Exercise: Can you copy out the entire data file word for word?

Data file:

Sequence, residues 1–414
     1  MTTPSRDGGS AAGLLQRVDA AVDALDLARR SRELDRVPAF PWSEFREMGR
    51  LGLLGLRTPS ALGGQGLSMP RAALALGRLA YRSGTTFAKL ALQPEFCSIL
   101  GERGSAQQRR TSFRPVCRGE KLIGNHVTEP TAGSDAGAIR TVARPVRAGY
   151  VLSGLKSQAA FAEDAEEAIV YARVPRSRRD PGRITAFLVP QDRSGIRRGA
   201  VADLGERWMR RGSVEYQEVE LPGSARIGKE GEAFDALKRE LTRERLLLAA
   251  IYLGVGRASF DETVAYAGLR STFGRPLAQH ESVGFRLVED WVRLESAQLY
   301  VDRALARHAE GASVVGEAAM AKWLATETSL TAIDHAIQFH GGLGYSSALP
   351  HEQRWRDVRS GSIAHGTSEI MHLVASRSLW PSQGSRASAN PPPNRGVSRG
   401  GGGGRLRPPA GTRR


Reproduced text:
Sequence, residues 1–414
     1  MTTPSRDGGS AAGLLQRVDA AVDALDLARR SRELDRVPAF PWSEFREMGR
    51  LGLLGLRTPS ALGGQGLSMP RAALALGRLA YRSGTTFAKL ALQPEFCSIL
   101  GERGSAQQRR TSFRPVCRGE KLIGNHVTEP TAGSDAGAIR TVARPVRAGY
   151  VLSGLKSQAA FAEDAEEAIV YARVPRSRRD PGRITAFLVP QDRSGIRRGA
   201  VADLGERWMR RGSVEYQEVE LPGSARIGKE GEAFDALKRE LTRERLLLAA
   251  IYLGVGRASF DETVAYAGLR STFGRPLAQH ESVGFRLVED WVRLESAQLY
   301  VDRALARHAE GASVVGEAAM AKWLATETSL TAIDHAIQFH GGLGYSSALP
   351  HEQRWRDVRS GSIAHGTSEI MHLVASRSLW PSQGSRASAN PPPNRGVSRG
   401  GGGGRLRPPA GTRR